How can the Klein-Gordon equation have negative-energy solution if its Hamiltonian is positive-definite?

In a lesson about the introduction of classical field theory it was mentioned the Klein-Gordon equation $$(\Box + m^2) \phi(x) = 0. \tag{1}$$ But before we got this equation, we studied the Hamiltonian density that we obtained from the Lagrangian density and defined as $$\mathcal{H}=\frac{1}{2} \left(\dot\phi^2+|\nabla\phi|^2+m^{2}\phi^2\right), \tag{2}$$ and it was said that $$\mathcal{H}$$ is the total energy of the field. What I can't understand is when it was commented that the solutions of (1) can have negative energy, while the Hamiltonian is defined positive, how? Am I missing something?

• When I saw that square symbol at the beginning of the equation I thought my browser couldn't render some weird Unicode character. As it turns out, no, it really looks like that! According to Wikipedia it's called the d'Alembert operator, or wave operator, or box operator. Feb 16 at 10:44
• @FabiosaysReinstateMonica LOL! Thats funny!I have never liked to write the D'Alembertian that way, a square just does not look good! I always just use either $\nabla^2$ (keeping in mind that $dim=3+1$) or $\partial_\mu\partial^\mu$. Feb 16 at 12:46

If you interpret the Klein-Gordon equation as describing a field theory (which is the modern way to look at it), then yes, the energy of the field is positive definite.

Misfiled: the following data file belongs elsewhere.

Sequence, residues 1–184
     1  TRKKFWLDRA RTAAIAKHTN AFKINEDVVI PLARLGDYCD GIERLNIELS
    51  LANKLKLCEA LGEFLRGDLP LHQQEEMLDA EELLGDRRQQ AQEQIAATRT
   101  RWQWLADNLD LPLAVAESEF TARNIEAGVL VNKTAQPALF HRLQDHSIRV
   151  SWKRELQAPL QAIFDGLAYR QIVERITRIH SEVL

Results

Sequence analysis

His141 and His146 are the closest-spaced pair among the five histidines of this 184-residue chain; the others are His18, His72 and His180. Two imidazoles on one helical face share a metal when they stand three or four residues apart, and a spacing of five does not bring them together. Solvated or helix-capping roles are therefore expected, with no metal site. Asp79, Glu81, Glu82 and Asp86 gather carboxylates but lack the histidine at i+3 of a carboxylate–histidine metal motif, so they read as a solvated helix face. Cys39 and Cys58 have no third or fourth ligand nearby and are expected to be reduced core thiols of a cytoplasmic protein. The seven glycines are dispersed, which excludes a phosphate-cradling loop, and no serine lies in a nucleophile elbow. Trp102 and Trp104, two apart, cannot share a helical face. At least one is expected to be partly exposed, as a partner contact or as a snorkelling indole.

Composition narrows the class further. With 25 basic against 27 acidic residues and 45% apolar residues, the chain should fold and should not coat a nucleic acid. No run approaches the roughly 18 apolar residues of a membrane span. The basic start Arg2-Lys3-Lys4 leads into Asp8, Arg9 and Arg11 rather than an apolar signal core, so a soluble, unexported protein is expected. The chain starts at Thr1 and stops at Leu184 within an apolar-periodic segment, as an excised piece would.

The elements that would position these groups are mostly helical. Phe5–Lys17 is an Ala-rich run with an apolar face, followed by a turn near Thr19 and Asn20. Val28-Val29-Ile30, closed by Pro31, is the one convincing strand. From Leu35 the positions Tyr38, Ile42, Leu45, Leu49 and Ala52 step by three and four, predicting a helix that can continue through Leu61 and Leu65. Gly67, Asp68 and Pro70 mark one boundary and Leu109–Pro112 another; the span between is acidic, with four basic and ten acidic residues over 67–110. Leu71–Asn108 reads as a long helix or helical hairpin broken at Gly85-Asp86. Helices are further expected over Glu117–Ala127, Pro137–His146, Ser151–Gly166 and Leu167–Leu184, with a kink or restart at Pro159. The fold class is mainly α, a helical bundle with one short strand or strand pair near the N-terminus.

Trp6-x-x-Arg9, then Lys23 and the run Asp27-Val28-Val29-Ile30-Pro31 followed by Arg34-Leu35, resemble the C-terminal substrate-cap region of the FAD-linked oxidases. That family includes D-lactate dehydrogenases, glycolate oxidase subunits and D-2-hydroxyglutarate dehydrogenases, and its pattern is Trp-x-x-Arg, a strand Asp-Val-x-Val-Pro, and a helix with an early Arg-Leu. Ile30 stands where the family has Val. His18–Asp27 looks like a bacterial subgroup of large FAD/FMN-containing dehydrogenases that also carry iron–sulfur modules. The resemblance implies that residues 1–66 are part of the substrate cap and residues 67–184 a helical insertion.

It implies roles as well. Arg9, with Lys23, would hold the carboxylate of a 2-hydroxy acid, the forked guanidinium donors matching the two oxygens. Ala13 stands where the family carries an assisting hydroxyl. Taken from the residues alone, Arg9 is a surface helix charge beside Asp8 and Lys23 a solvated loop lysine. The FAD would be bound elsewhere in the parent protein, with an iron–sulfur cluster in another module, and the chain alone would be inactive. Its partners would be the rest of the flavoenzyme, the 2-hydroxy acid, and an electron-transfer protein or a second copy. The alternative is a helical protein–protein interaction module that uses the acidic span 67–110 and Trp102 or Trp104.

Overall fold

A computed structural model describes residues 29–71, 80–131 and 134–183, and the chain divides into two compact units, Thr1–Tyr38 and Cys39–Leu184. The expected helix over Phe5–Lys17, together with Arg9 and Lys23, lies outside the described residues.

The problem is if you try to interpret the Klein-Gordon equation as a relativistic generalization of the Schrodinger equation, describing the motion of a single quantum particle. Then the energy of the wavefunction is related to its frequency by $$E=\hbar \omega$$. However, there are positive and negative frequency solutions to the Klein-Gordon equation, $$\sim \exp\left[\pm i \left(\sqrt{\vec{k}^2 + m^2}\right) t\right]$$. The problem is resolved by understanding that the Klein-Gordon equation should not be interpreted as a "relativistic Schrodinger equation for one particle", but rather as the classical equations of motion for a field we are going to quantize (or, as the Heisenberg equations of motion for a quantum field).

• The Klein-Gordon equation is perfectly acceptable as a relativistic quantum equation for a single particle. In 'QFT' by Itzykson&Zuber, the Klein-Gordon equation is solved for the hydrogen atom. The answer is off because spin is not included. When spin ís included, in the so-called squared Dirac equation, which really is the relativistic form of the Pauli equation, the solution is correct. Feb 16 at 12:10

Briefly speaking, there are at least two notions of energy $$E$$ and momentum $${\bf p}$$:

1. One notion stems from the Fourier-transform $$({\bf x},t)\to ({\bf p},E)$$ of spacetime, or equivalently, a plane-wave expansion $$\phi({\bf x},t)~\sim~\exp\left(\frac{i}{\hbar} ({\bf p}\cdot {\bf x}-E t)\right).\tag{1}$$ Here the energy $$E$$ can in principle take both positive and negative values.

2. Another notion arises from the energy-momentum tensor.

For the Klein-Gordon field, the latter energy happens to be the square of the former, and is therefore positive.

• Of course these notions should reduce to one and the same thing. The volume integral of the energy-momentum tensor is the conserved energy-momentum vector. Feb 16 at 11:48
• @my2cts they really need not, $E$ in $e^{-iEt/\hbar}$ is eigenvalue of some Hamiltonian. In general, Hamiltonian value is not necessarily the system energy, this is seen already in classical mechanics of systems with finite number of degrees of freedom. Feb 16 at 12:21